Biolo1100 Chapter 10 The Origins and Diversification of Life on Earth
  1. Carolus Linnaeus introduced a system of classification   for grouping and naming similar organisms in hierarchical categories.
    • Carolus Linnaeus published his Systema Naturae in 1758.

      This was the first scientific approach to classifying organisms.

    • Classification

      In the Linnaean classification, organisms are placed in hierarchical groups based on appearance.

      Organisms in lower groups bear more similarity in appearance.

      Each organisms is identified by a binomial scientific name: its Genus and species.

      For example, Equus quagga for the Zebra, which also belongs in:

      • Family Equidae,
      • Order Perissodactyla,
      • Class Mammalia,
      • Phylum Chordata,
      • Kingdom Animalia,
      • Domain Eukaryota.

      The binomial name for humans is Homo sapiens.


  2. Species can arise by allopatric or sympatric speciation   .
    • Allopatric speciation

      Geographic isolation of different populations of a species can lead to differential adaptations to their environments.

      Over time, allele frequencies among the populations diverge, leading to speciation: the evolution from an ancestral species.

      The finches of the Galapagos Islands provide an example.

      • Descendants of an ancestral finch from Ecuador occupied separate islands.

      • Geographic isolation led to diversification of the descendants, which developed different beaks that specialize in eating different food sources.


    • Sympatric speciation

      Speciation can also occur among populations in the same geographic area.

      An example is polyploidy in plants.

      1. Abnormal meiosis may yield a diploid gamete.

      2. Self-fertilization among diploid gametes can yield polyploid offspring with twice the number of chromosomes as the parent.

      Many crop plants, including wheat, bananas, potatoes, and coffee, are polyploid.

  3. Classification should reflect phylogeny  , the evolutionary history of organisms based on descent from a common ancestor   .
    • An evolutionary tree draws relationships based on phylogeny (shared ancestry) instead of appearance.

      Organisms are related to each other by descent from a common ancestor.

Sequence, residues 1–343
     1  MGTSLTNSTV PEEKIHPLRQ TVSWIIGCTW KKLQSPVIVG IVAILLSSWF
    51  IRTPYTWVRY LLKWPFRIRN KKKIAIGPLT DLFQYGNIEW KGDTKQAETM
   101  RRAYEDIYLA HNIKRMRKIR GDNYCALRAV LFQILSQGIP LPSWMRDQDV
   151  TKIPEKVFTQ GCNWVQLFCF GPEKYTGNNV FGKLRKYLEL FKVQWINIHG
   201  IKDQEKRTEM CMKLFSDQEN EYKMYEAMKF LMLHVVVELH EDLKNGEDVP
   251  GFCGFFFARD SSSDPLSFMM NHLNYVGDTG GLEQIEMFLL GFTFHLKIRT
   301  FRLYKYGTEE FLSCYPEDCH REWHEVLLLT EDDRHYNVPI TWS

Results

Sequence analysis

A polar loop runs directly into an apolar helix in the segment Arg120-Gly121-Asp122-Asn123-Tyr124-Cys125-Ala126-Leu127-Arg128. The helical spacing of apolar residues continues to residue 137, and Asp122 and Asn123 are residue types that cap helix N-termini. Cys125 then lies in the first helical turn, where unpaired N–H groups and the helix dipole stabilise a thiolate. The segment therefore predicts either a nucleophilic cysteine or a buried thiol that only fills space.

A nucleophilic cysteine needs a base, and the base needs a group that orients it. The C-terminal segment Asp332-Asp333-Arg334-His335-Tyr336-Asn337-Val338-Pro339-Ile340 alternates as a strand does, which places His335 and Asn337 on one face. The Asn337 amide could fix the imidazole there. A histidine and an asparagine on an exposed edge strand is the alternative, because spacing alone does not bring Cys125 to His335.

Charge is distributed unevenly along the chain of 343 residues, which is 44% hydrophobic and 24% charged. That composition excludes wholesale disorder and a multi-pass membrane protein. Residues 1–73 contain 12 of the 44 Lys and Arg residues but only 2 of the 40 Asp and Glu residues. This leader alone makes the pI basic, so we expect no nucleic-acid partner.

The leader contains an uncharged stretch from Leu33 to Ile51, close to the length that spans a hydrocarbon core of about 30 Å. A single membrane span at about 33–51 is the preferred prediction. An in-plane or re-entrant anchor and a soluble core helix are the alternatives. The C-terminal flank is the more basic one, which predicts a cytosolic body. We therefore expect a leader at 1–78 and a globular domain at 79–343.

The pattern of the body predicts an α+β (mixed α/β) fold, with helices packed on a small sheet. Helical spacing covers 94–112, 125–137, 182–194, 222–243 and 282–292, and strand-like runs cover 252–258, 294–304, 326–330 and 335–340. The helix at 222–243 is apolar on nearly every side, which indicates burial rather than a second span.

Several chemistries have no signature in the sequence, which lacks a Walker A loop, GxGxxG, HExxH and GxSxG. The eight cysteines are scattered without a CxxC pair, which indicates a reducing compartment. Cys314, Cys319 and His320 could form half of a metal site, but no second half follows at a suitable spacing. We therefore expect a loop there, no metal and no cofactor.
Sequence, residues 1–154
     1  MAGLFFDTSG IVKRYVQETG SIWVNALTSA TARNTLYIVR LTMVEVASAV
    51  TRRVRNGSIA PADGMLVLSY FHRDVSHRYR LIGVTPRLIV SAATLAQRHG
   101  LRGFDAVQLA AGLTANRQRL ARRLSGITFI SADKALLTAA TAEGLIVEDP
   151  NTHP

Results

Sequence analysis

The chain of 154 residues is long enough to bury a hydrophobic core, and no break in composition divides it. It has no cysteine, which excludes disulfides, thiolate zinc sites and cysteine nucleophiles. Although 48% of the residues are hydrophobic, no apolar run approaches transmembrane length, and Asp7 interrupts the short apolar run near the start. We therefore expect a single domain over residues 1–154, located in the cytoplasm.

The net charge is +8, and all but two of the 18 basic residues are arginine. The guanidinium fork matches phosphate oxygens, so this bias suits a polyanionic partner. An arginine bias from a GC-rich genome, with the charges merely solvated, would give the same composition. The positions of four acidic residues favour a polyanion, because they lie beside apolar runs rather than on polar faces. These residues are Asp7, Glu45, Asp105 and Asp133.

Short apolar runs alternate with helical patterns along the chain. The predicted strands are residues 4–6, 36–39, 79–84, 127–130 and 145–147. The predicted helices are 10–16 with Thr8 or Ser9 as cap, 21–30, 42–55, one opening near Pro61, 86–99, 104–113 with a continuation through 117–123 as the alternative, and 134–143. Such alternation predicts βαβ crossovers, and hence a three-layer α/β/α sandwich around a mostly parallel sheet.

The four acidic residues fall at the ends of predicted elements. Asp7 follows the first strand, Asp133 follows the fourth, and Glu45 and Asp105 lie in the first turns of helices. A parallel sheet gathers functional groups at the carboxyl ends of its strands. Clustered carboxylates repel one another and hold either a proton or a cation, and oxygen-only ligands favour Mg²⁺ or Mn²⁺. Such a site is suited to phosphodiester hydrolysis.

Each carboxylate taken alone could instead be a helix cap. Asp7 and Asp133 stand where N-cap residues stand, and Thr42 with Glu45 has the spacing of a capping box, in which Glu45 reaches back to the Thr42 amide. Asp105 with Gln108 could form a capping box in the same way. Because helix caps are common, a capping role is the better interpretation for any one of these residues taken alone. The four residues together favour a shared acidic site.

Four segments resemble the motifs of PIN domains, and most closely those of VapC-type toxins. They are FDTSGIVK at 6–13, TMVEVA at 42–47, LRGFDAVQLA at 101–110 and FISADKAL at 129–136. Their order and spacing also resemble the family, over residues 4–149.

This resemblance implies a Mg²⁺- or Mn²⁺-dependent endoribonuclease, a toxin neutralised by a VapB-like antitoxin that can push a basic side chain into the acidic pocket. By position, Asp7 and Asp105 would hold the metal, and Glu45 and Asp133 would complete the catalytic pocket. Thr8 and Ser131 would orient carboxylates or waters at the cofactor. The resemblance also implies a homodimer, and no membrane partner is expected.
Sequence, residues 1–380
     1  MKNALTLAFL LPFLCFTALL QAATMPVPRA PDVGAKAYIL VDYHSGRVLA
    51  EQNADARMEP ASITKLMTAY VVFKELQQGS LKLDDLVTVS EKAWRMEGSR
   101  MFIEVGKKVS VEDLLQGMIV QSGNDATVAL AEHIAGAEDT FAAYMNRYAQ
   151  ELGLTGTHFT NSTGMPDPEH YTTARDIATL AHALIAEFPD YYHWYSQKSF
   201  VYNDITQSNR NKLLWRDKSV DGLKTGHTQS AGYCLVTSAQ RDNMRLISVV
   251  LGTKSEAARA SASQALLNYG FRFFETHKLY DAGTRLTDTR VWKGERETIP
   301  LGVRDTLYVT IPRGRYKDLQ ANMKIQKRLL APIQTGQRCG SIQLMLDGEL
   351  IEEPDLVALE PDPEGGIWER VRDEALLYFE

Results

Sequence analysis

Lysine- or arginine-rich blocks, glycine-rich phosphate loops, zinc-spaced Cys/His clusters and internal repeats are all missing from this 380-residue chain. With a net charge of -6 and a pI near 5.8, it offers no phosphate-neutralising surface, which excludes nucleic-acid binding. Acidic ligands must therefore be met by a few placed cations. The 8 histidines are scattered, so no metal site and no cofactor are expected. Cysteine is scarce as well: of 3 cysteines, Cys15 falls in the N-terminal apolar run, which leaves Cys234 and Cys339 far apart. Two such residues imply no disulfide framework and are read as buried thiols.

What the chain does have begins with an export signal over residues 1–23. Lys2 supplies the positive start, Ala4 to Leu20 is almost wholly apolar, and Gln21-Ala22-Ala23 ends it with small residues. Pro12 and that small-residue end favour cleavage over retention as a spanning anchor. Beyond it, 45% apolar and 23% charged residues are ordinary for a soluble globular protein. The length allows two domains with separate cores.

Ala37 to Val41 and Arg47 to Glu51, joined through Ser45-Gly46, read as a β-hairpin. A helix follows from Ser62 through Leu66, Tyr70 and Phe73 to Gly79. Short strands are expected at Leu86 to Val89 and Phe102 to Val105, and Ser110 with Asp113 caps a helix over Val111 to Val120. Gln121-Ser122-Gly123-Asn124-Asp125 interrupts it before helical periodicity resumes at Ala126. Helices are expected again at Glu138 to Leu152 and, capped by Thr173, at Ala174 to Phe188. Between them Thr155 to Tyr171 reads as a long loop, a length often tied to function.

The more recent the common ancestor, the more related 2 organisms are.

      Thus a rat is evolutionarily closer to a mouse than it is to a human.

      Note there is no left-right relationships in this tree.


      • In this diagram, the closest group to humans is
        • both rat and mouse


    • A monophyletic group (clade) contains all organisms descended from a common ancestor, and share a trait.

      For example, all organisms descended from an ancestor that had jaws constitute a large clade; smaller clades later developed 4 limbs, milk, etc.


      • All animals with milk have jaws (and 4 limbs, vertebrae).

      • Only animals that have jaws can produce milk.

      • Thus, you cannot find an animal with milk but no jaws, and an animal without jaws cannot produce milk.


    • All the descendants of an ancestor make up a monophyletic group, or clade, and are more closely related to each other than other organisms.

      Birds and crocodiles compose a clade because they share a recent common ancestor (A).

      Lizards and crocodiles do not compose a clade; their common ancestor (B) is also shared by birds.

      Birds, crocodiles, and lizards do compose a larger clade.

      An even larger clade includes all 4 organisms: terrestrial vertebrates with 4 limbs.


    • Analogous traits that resemble each other due to parallel adaptations to similar environments are results of convergent evolution.

      The wings of bats and insects are superficially similar but evolved independently from different anatomical bases and inherited from unrelated ancestors.

      Note that bats and insects also do not constitute a clade: they did not inherit wings from a common ancestor.


  4. Phylogeny should reflect changes in DNA   as organisms evolve.
    • Molecular phylogeny

      Since organisms inherit DNA from their ancestors, DNA analysis can verify evolutionary relationships.

      As species diverge, their DNA sequences also diverge, due to accumulated mutations.

      Thus, the more related two organisms are:

      • the more recent their common ancestor is

      • the more similar their DNA sequences (and amino acids) are

      DNA evidence is revealing phylogenetic relationships that are otherwise difficult to determine.

    • Analogous traits that resemble each other due to parallel adaptations to similar environments are results of convergent evolution.

      The African golden mole looks superficially similar to a shrew.

      DNA analysis shows that it belongs in a clade called Afrotheria with elephants.

  5. Current classification groups life into three   domains.
    • animals Life on earth can be classified into 3 large clades called domains.

      All living organisms descended from a common ancestor, rooted in domain Bacteria.

      Archaea and Eukarya diverged later and are more related to each other than either is to Bacteria.

      Groups like animals form smaller clades with their own lines of descent.

      • What's wrong with this picture?
        • There are 3 groups called "Protists". Protists are not a monophyletic clade.